I have sympathies with those who want the Bill to be dropped and never revisited. However, a more “grown-up” and constructive move would be to shelve it, consult with professional bodies such as the Royal Colleges and service users’ organisations while negotiating with our Conservative partners a new draft Bill based on our respective manifestos, the coalition agreement and the recommendations of professional experts.
It might not be a bad idea to establish an independent commission to report back within a year, which would base its findings on a range of clinically-driven and professionally respected evidence. This approach would go some way towards reassuring the public as well as taking some of the wind out of Labour’s sails. It would be difficult to accuse the Liberal Democrats of deliberate and direct sabotage, while providing a means of maintaining positive working relations around the cabinet table.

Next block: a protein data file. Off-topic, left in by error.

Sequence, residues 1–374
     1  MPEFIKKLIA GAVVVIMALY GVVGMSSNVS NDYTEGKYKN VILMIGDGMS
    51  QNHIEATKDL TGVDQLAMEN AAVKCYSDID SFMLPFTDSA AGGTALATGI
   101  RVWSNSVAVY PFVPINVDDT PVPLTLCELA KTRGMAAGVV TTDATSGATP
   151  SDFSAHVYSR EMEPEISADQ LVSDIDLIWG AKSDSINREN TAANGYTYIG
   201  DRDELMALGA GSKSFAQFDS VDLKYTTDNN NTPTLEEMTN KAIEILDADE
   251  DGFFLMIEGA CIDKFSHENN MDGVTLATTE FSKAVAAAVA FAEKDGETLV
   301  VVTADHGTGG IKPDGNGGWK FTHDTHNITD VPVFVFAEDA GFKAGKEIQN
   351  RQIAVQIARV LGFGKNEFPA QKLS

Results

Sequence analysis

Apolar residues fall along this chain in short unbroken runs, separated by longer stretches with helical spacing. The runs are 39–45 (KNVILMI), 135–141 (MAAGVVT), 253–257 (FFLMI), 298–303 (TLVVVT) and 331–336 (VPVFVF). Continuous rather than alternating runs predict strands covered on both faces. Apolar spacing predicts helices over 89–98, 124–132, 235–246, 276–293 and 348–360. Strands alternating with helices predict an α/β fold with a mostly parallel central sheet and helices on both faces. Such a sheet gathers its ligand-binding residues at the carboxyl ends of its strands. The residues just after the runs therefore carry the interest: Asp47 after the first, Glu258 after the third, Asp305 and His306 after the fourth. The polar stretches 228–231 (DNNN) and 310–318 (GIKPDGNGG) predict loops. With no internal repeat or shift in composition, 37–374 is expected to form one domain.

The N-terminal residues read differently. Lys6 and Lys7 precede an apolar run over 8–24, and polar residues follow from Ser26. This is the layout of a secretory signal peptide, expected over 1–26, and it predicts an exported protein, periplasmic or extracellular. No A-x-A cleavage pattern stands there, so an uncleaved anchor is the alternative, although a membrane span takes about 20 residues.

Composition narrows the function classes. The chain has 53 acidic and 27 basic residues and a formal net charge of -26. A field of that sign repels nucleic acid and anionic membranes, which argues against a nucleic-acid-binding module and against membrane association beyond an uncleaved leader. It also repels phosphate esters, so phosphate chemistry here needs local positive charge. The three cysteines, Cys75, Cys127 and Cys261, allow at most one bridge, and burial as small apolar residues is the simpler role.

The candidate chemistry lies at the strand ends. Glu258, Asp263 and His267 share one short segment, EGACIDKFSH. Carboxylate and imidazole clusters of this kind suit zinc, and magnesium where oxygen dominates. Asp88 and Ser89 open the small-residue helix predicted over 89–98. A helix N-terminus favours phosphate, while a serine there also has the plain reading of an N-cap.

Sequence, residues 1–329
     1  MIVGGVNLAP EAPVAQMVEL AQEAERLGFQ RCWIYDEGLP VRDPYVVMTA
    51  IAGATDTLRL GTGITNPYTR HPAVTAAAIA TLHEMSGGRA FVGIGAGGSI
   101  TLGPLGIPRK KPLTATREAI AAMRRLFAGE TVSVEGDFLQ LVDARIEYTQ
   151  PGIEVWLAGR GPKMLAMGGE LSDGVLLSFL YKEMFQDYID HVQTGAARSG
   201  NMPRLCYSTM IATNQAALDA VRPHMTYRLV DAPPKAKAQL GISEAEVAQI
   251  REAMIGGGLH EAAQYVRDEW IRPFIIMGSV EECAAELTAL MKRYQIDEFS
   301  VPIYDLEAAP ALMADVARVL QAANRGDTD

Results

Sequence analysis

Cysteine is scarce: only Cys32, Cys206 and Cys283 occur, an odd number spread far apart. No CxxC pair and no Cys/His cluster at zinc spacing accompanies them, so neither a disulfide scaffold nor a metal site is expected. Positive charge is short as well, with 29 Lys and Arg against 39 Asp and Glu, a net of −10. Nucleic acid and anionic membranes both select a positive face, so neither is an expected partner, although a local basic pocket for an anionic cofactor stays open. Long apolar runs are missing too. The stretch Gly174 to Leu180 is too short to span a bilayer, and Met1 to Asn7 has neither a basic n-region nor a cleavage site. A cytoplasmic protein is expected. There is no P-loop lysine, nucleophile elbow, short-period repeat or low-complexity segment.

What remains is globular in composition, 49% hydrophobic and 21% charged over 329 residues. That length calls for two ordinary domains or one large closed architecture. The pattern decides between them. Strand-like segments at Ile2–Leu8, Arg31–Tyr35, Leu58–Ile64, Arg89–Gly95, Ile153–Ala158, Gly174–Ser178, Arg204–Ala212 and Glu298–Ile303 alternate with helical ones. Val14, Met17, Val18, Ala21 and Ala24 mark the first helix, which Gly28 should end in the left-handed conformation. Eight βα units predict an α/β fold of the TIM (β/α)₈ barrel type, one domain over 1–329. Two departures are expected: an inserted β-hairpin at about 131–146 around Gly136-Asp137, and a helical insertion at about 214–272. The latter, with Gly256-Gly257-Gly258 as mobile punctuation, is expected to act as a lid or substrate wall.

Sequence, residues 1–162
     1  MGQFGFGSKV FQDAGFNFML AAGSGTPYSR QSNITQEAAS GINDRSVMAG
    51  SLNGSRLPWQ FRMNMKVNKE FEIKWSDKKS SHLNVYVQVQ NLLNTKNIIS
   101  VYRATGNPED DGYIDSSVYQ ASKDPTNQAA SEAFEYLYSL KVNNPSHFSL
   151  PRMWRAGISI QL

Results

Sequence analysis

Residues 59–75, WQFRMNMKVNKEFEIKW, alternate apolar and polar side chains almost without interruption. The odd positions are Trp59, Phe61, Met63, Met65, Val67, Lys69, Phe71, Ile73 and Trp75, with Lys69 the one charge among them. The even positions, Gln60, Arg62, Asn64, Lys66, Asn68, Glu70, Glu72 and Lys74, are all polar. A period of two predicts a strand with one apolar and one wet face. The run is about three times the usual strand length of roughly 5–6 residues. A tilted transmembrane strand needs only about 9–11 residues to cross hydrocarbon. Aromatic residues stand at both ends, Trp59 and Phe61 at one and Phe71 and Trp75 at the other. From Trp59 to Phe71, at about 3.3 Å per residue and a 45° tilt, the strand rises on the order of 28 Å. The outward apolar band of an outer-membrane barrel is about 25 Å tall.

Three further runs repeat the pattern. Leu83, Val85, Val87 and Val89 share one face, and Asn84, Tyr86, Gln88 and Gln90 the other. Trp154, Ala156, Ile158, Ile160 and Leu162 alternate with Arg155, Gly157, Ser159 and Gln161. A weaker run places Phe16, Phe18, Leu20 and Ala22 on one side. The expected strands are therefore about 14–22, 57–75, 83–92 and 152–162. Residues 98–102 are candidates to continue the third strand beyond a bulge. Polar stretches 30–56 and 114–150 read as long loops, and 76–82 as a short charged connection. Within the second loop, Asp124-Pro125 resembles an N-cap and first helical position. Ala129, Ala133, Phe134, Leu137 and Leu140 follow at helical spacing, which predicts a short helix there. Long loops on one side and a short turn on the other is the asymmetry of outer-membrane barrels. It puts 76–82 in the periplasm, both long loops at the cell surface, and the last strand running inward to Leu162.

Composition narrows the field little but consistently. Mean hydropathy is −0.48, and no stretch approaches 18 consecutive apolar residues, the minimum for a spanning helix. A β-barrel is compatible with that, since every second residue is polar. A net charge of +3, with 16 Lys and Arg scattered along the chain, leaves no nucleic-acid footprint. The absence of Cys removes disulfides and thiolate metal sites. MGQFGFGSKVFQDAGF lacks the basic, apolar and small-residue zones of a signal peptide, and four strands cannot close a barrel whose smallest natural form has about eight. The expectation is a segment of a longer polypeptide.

It may well be too late for this idea to prove workable. I suspect that irrespective of our Conference vote and the well-publicised concerns of many Lib Dem parliamentarians the Bill will become law. But that can by no means be guaranteed and I think a “shelve, consult, revisit” approach is likely to be more fruitful than either dropping outright or voting for a Bill for reasons of ensuring the stability of government. There is, of course, no immediacy or urgency and therefore no sound political or clinical reason for rushing the Bill through. There is still time for sober reflection, reconsideration and input from expert advisors.
Did I use the words “sober” and “reflection” together in a piece about the NHS? I am beginning to fear for my sanity.
As indeed Nick Clegg must also be doing. This debacle is largely of his creation and could arguably have been avoided if he had been less dispassionate and more obviously uncomfortable with the Bill from the outset. While very few people have come out of this with much credibility intact (including Shirley Williams who has unfairly been victimised by petulant individuals with little realisation of how hard she has worked to improve the Bill) Clegg looks as if he’s just received an important lesson in taking members’ opinions and expectations for granted. Let’s hope that he learns from the experience.